“Hmmm,” she replied, in the same tone she might have used had I asked for chalk paint or ribbon. “I don’t think I have any in birdcages right now . . . I guess I sold them all. I do have some doll heads back here if you’d like to see them.”
As I followed her back to the display case that contained the heads, I explained that I was blogging for This Dark Matter, and I wanted to feature her store because of its distinctive mix of light and dark wares. Among the upcycled vintage items and the Victorian trappings, you’ll find what feels a bit like year-round Halloween: skeletons, crows, and the doll heads I’d seen on a prior visit, bizarre and forlorn in their hanging cages.
“Here we go,” she said, indicating this trio of heads and their accompanying limbs. “You know, we think of these things as creepy, but remember: the reason they’re still around is that they were once someone’s treasure.”
She—Diane White, the owner of Whimzy! — reminded me that back in the day, most girls only had one doll. Ever. The body would be made of cloth, and the heads, hands, and feet would be made of porcelain. A doll was a girl’s prized possession, played with until the body wore out, and then the heads, hands and feet were stored lovingly away. Dolls stored intact might lose their torsos to moths, mildew, or fire, but the head and limbs would survive. That’s why antique stores today have so many dismembered doll parts: what seems macabre is really just evidence of love and time.
Diane embraces the darker side of decorating with a laugh. “I love the doll heads in the birdcages. I think it’s funny. But a lot of people don’t get it, especially around here. Maybe this shop belongs somewhere else.” We talked about beach towns, or Los Angeles: places where the shoppers might be a little edgier than here in conservative Orange County. But Orange County is where she’ll stay.
Despite slowing sales in her retail store, Diane is enjoying a successful run with another venture: her craft show, Glitterfest, which she produces twice a year in Anaheim.
Glitterfest is not your grandma’s craft show. While you’ll find stylish home décor and beautiful handmade jewelry there, you’ll also find some downright spooky stuff. The fall show naturally showcases Halloween fare, but even the spring show delights in the dark side. Vendors display disturbing Victorian dolls and beautiful, headless ghost-brides right next to the bunnies and chicks. It’s a fantastical, edgy mix that sets Glitterfest apart from other local shows. You can see some of the spectacularly creepy Glitterfest art here.
I talked to Diane about her strategy for flexing to her shifting market while making time for the parts of her business that she enjoys most. She’s planning to reduce retail hours, offer more classes, and focus on the flea markets and craft shows that have been so successful. And despite the customers who don’t “get it,” she’ll keep her uncanny mix of merchandise. “I’ve been bringing in more clowns,” she says with a grin. “Clowns really freak people out.”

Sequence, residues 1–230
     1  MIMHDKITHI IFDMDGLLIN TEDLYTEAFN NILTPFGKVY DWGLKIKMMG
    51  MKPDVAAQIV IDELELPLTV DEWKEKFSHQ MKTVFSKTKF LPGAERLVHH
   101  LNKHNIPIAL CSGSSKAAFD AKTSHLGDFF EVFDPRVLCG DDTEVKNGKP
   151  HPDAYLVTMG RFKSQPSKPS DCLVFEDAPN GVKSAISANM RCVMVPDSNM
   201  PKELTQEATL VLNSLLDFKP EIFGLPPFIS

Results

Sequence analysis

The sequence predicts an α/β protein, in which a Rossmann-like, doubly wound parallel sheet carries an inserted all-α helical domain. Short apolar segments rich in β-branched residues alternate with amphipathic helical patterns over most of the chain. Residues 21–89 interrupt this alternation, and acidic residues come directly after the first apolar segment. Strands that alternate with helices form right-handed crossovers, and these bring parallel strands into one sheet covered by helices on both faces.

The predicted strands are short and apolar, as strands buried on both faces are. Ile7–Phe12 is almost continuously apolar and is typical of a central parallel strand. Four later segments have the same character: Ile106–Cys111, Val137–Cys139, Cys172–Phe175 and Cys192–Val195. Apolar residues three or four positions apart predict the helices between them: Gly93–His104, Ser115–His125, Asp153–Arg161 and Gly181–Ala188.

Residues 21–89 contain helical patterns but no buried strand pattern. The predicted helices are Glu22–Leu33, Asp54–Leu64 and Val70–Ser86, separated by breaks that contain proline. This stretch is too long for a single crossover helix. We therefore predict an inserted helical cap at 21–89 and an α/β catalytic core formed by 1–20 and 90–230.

Photo credit: Diane White, Whimzy!
Description: Seventeen-year-old Tark knows what it is to be powerless. But Okiku changed that. A restless spirit who ended life as a victim and started death as an avenger, she’s groomed Tark to destroy the wicked. But when darkness pulls them deep into Aokigahara, known as Japan’s suicide forest, Okiku’s justice becomes blurred, and Tark is the one who will pay the price…
Review: Japanese culture is rich in ghost lore, complete with an interesting taxonomy to classify them. It sounds tame and organized, but the ghosts themselves are anything but–I have been far more freaked out by Japanese ghosts in film and books than by the typical American fare. Why? I don’t know . . . I guess Japanese ghosts seem way more pissed off about being dead.
This is most certainly true in The Suffering, the sequel to Rin Chupeco’s fabulous The Girl From the Well. You might remember that in the original novel, Okiku–a seriously vengeful ghost–is a dead Dexter-esque type who finds herself intrigued by Tarquin, a Japanese-American kid in danger from a whole boatload of other vengeful spirits . . . intrigued enough to save him. The Suffering picks up in Tarquin’s point of view. It’s been at least a few months since the end of The Girl From the Well, and Okiku is still hanging out with Tarquin, the two of them now a dynamic duo of justice: Tarquin and Okiku stalk murderers, and Okiku dispatches them to hell. There are a variety of side plots; however, the main thing is that Kagura, Tarq’s mentor, is missing in Japan after leading a troop of American paranormal investigator types (I imagine them as those plumbers from the SyFy ghost hunting show) on a ghost hunt.
Tarq and Okiku to the rescue! Yeah, sounds kind of fun, except that it’s creepy as hell.